Several months have gone by since Apple unleashed iOS 9, but if you do a Google search for it, you’ll continue to find a steady stream of news about Apple’s software. The software permeates our everyday lives, existing on two out of every three iOS devices.
iOS 9 usage will only grow in 2016 as consumers and brands slowly discover that Apple has established a new standard for conducting “nearby” searches, thanks to an enhancement to the Apple Spotlight search functionality. Moreover, the surging popularity of Apple Maps — logging more than five billion requests each week — will fuel iOS 9 usage, as the mapping software is inextricably linked to iOS.
Apple also becomes a stronger alternative to Google Now for predictive search (although Google Now still holds an advantage in being able to provide a richer vein of predictive results based on an Android user’s search history). The strength of Apple’s brand and adoption of iOS 9 likely will pressure Google to up the game for Google Now with new features in areas such as voice search, for example, the ability to read your last five texts based on voice commands.
With Spotlight search becoming more ubiquitous, steps enterprises with multiple locations can take include:
- Ensuring their location marketing game plan effectively addresses the reality of intuitive search on Apple Spotlight and Google Now (as my colleague Adam Dorfman has suggested with his analysis of Google Now on Tap).
- Making sure they distribute accurate location data — especially latitude/longitude data — to Apple Maps in addition to Google Maps (something they should have doing already).
Here’s how search has changed for Apple users: In a post-iOS 9 world, a simple swipe of your iPhone’s home screen results in Spotlight proactively suggesting search results based on time and location. In other words, nearby results change depending on where and when you do your search throughout the day. Selecting one of these nearby categories deep-links to Apple Maps on iOS devices with nearby businesses in these categories.
The iOS 9 rollout comes at a time when mobile consumers are collapsing the sales funnel. Empowered with smartphones, consumers are moving faster from search to purchase. Nearly half of consumers trying to decide on a restaurant do their local search within an hour of actually going, according to Google. iOS 9 accelerates the search process and moves the consumer down the path to purchase in a few significant ways:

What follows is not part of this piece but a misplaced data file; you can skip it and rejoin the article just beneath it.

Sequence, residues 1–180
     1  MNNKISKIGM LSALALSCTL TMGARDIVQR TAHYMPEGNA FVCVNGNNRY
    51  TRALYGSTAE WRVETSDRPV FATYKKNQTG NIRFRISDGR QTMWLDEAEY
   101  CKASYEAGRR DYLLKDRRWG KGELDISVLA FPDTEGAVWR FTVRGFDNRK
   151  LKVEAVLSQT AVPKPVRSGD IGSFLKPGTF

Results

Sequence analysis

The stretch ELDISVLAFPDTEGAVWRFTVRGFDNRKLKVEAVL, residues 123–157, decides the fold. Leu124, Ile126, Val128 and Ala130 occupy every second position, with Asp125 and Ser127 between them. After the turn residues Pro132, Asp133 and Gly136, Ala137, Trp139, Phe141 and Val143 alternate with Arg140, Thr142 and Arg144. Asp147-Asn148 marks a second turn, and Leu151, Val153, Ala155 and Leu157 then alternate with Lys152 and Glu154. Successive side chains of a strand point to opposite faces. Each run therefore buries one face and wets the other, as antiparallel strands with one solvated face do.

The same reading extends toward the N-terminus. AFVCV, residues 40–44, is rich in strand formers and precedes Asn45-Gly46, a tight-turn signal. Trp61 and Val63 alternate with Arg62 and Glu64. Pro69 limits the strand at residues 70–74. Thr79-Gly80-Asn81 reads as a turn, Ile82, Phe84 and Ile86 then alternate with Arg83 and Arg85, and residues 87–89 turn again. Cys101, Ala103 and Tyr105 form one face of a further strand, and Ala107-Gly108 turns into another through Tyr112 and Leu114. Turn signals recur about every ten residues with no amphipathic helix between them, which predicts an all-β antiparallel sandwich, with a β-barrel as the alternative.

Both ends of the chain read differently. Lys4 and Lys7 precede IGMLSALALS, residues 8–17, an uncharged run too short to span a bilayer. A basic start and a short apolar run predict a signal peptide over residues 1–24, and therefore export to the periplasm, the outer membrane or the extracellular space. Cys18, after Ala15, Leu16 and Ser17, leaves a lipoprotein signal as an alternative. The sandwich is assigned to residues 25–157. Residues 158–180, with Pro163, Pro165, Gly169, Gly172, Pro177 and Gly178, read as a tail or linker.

Proactive local search content. With iOS 9, a consumer finds suggestions for nearby content before conducting a search. When you open the Spotlight search menu, Apple reveals icons that represent nearby points of interest for popularly used search categories as “Breakfast,” “Coffee,” “Convenience,” and “Gas.” If you touch one of the icons, you are taken to the Apple Maps app, which reveals specific locations for each category.
For instance, as I leave the office for lunch, if I tap on the Nearby Lunch icon, my iPhone displays the closest relevant businesses in Apple Maps, seemingly prioritized by proximity. The results also use hours of operation to identify which is open for business. Tapping on these listings in the maps results tells me how long it will take to walk to the location, and tapping on the business name in the map brings me to a detailed location listing with contact information, website, directions prices, and reviews.
Results that change with your day. What makes iOS 9 especially significant and distinct from Google Now is the changing nature of your results based on time of day. The categories that Apple suggests to you will change like so:
- Morning — Breakfast, Coffee, Convenience, Gas
- Midday — Lunch, Coffee, Shopping, Gas
- Evening — Dinner, Bars, Shopping, Gas
- Late Night — Restaurants, Bars, Convenience, Nightlife
In other words, based on where you are and the time of day, Apple suggests completely different location-based content.
What Brands Need to Do
In an iOS 9 world, enterprises with multiple locations need to manage their location data to:
- Be findable. Near me searches start with the Apple Maps database. If your business is not present in the Apple Maps database, or if your information is inaccurate, your brand might as well not exist. Providing accurate business location data to Apple Maps has never been more important as its popularity grows. And distributing precise proximity (latitude/longitude) data will greatly increase your likelihood to show up for these nearby searches in Apple Maps.
- Support the next moment with location data. Your brand needs to go beyond being found. You need to encourage consumers to actually visit your brick-and-mortar location and become customers by making sure that Apple can find compelling content about your business (such as rich content and mobile wallet offers). Making sure your location data is shared consistently across the digital ecosystem will make it easier for Apple to find that content and surface it to users.
Enterprises, particularly those with multiple locations, now have more ways to ensure that they are findable in the moment. In addition to maximizing the value of Google Now, brands need to take advantage of iOS 9’s popularity by making sure Apple amplifies their location data accurately.
Gib Olander is vice president of product at Chicago-based SIM Partners.